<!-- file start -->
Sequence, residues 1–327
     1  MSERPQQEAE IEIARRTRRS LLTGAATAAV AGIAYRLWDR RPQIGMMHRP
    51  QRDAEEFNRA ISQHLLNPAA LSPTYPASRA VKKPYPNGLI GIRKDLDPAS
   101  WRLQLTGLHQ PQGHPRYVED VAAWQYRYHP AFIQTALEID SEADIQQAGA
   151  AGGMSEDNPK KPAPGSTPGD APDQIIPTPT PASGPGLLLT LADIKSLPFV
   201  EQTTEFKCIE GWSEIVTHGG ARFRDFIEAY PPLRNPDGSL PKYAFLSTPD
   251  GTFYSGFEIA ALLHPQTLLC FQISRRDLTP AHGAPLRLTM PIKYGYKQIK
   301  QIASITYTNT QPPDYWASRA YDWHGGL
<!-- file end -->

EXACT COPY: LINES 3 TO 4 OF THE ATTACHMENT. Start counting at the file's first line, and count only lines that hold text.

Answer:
    51  QRDAEEFNRA ISQHLLNPAA LSPTYPASRA VKKPYPNGLI GIRKDLDPAS
   101  WRLQLTGLHQ PQGHPRYVED VAAWQYRYHP AFIQTALEID SEADIQQAGA